And I think this anime talks about the social “what-if” better than any other cyberpunk. It explores the ramifications of their social system in the same piecemeal style as Isaac Asimov did in “I, Robot”.
It’s scary to me because the idea of social currency is such a slippery slope that modern life is actually standing on. The internet immortalizes certain mistakes that can come back to bite you years later. Not the same thing, but only a step behind.
Then there’s the moral question of detaining someone because they MIGHT become a criminal. How far is too far to protect society? Scary stuff.
7. The Animatrix
The Animatrix is a collection of nine short stories set in the world of The Matrix. That said, you don’t need to have seen any Matrix movies to understand the anime. It wasn’t until several years after watching this that I finally saw The Matrix and that detracted nothing from the experience.
Each story is a short vignette from the perspective of different people in or around the Matrix. Each one is completely unique and covers everything from children playing with a glitch in reality to samurai showdowns in virtual training rooms, to the fall of mankind.
It’s a fun time that expands on what it was like to interact with the Matrix. It adds a lot of well-appreciated lore to the series while being able to stand on its own as an anthology.
I was particularly interested in the prequel episode where they tell the story of the machine uprising. It’s gritty, dark, violent, and deeply interesting to think about. It also adds another layer of character to the machines that simply aren’t there in the movies.
Of course, the stunning visuals are also a lot of fun. Each episode is done in a different style by a different team, so there’s something there for everyone.
The Animatrix DVD is available on Amazon
8. Serial Experiments Lain
With new emerging technology two of the biggest reactions are fear and moral panic. Electricity, video games, cloning, new medicine, A.I., all were feared before they were understood. This was also the case with the internet.
Triangle Staff made Serial Experiments Lain when the internet was still new and scary and so were able to discuss these fears with a what-if. What if the boundary between virtual and physical was thinner than we thought?
It’s a show about identity and conscience that uses the medium of animation to the fullest in an exploration of the fear and panic of the time. This is a really interesting show because it predates the modern internet, but perfectly predicts some of the real effects it has had on people’s lives. Think of it as cyberpunk with an internet twist.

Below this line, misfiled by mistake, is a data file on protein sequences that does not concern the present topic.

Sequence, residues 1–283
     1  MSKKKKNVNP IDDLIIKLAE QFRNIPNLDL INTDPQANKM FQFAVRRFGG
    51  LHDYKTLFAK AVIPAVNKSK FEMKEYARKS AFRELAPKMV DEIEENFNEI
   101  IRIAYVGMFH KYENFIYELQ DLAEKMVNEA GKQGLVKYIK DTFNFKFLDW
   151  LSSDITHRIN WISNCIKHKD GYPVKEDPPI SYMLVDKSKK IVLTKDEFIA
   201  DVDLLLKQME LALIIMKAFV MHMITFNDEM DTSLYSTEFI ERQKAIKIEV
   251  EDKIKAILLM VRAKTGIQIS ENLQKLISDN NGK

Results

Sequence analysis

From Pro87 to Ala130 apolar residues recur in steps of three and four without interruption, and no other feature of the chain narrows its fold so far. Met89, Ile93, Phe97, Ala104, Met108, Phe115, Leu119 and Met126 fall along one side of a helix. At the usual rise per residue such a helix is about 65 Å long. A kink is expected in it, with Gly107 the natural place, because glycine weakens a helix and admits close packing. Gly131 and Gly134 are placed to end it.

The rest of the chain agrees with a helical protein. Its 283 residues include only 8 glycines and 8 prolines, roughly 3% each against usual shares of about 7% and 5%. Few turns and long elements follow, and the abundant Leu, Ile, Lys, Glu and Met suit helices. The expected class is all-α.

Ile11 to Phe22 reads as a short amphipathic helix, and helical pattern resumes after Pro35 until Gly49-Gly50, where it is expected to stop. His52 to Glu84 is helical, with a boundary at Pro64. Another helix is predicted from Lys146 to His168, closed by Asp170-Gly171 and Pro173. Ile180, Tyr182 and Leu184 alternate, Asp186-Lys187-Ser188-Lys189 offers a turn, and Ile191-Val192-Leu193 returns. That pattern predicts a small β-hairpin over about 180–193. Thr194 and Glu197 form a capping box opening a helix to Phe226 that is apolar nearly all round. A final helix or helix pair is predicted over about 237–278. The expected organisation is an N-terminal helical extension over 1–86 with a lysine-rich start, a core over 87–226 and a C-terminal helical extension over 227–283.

Honestly, I struggle a bit with this one. I’ve never been very good with the more artistic and provocative anime. It’s really good, but it’s a dense show that resists you at first. At least, I felt like it resisted me.
Because of that, I would recommend viewing it with a bit more artistic license. It tries new things that may be unfamiliar, but there is a piece of unique and timeless storytelling lurking below.
The Serial Experiments Lain Blu-Ray is available now.
I’ll be frank, the start is a bit of a slog. I mean, the “main character” doesn’t say more than a few words in the first six episodes. I say that in quotes because the story is always switching between five or six different perspectives.
Similar to Serial Experiments Lain, the show takes a more slow and meditative approach to storytelling. Of course, it’s got all the hallmarks of cyberpunk. It’s dark, gritty, full of corruption and intrigue, and a down-right shocking number of amputees.
I guess people don’t mind losing a limb when replacements are so viable. Or like in this show where they chop people up while holding a monopoly on the prosthetics as a form of control.
It’s a story about freedom and about power. Three gangs control the whole city in the show, but what really chains people down in the city itself. Like a black hole, no one can escape its gravity.
It’s quite different from most anime I’ve seen and that isn’t a bad thing. Do I recommend it? Yes, but only if you’re the patient sort because it will probably not pass the three-episode test. It’s good in the same way 2001: A Space Odyssey is good. With patience.
You can grab the first volume of the Texhnolyze manga on Amazon
Humans are on the brink of extinction, constantly being hunted by nightmare fuel robots called Safeguard. Giant machines are constantly expanding the labyrinthian mega-structure knowns simply as “The City”. The wondering cyborg Killy searches for the key to bringing the city back under their control.
The mysterious Killy has roamed The City for decades, surviving by his wits, strength, and super-death-laser gun. You know, Bear Grylls style. Although he wears a stoic demeanor face his actions reveal his unending struggle with loneliness and death.